The whistle sounds and the race is on to get to the soap box first. The public speaking tent is all set up in the city for one day only. A piece of free speech is on the table. With no holds barred, five minutes is all the audience will stand for. Rain is blowing in from the East and a girl with clipboard and meaningful nails proclaims ‘rules are rules’.
Standing speaking, as I come to connect, I stoop. I speak about what I had found out that morning: To exist and to be in no uncertain terms, to let the universe know that you mean it. Then a quote comes to mind, Oxford is the city of lost causes (Civil War, Protestant Martyrs and Monasteries).
A nearby office worker trots out and unplugs the microphone, but for a second I find out what it is like to belong. I hear the sound of saying what I want to change in the world.
“It is a May Day for books. Remember how the microfiche was supposed to slay the books then it was kindle but books are still with us unlike the dodo or T Rex. Renew your commitment to books. Remember why they are so great. Most of all books are a way to connect with the world that goes beyond supermarkets.”
“We have supermarkets. What our town needs is a post office!” (The microphone is plugged back in and someone new picks up the gauntlet)
A lady with purple hair brings her knitting to the stage to protest against Trident and another lady chants beautifully for five minutes in the rain, in Broad Street close to the spot where the Protestant Martyrs held their protest.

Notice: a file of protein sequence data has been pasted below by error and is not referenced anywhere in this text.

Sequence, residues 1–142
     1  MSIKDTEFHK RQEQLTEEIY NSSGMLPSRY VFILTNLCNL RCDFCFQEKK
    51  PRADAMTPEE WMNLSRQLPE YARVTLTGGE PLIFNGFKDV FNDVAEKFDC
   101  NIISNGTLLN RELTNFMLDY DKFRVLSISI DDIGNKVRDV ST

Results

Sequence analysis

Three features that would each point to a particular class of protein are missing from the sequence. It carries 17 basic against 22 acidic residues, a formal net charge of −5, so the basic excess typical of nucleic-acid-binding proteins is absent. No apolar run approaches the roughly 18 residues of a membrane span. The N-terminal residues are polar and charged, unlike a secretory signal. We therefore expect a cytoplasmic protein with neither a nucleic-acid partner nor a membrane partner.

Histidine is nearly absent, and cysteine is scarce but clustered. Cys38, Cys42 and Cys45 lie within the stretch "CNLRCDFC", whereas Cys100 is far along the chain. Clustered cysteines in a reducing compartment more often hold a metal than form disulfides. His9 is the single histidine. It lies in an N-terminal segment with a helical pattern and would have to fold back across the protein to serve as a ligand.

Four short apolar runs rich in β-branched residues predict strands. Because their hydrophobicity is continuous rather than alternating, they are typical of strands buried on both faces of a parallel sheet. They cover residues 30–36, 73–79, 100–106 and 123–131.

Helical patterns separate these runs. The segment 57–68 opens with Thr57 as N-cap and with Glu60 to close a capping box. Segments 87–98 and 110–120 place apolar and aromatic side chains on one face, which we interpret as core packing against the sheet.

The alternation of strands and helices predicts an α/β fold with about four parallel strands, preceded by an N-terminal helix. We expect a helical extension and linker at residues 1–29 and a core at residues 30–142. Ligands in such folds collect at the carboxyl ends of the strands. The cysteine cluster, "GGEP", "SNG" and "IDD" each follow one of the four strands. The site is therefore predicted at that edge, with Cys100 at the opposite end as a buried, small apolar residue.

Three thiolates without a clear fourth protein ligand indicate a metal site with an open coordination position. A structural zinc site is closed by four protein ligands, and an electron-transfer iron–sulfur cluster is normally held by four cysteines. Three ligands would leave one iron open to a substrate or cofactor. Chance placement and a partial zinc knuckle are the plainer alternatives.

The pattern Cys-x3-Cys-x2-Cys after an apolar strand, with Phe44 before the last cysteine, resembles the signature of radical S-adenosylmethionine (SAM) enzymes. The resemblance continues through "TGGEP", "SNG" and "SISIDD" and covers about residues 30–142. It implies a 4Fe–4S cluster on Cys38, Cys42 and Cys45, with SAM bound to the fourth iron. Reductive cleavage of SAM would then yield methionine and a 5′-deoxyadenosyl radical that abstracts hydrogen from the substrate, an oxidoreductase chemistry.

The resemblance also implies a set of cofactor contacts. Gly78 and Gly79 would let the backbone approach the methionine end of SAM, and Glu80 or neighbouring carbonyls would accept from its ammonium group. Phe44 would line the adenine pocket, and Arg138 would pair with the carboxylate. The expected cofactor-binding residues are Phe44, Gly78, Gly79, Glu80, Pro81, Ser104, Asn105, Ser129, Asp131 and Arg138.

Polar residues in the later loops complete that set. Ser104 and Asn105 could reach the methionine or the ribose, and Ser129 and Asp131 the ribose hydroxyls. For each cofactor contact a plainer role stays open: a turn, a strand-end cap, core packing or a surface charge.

There was an audience of one at the 7am start, the listener outnumbered the performer in girth. The free show rolled on relentlessly into the suburbs. Each speaker with a time limit of five minutes reached the crescendo of their own flash fiction in time. For me the above is the story of Oxford’s May Day call for books.
A novelist narrates a newly printed novel and the audience relaxes knowing the book still lives on. “Renew your commitment to books. Remember why they are so great.” She speaks about her fallopian tubes bursting. Morris dancers and bells swing around us to welcome the Summer.
When I am asked in future ‘have you got 5 minutes?’ I may run. I know the distance a short chat can cover. After my stint at the mic I am happy to see the finish line (and the free fudge samples in the shop across the road). Cue: the klaxon.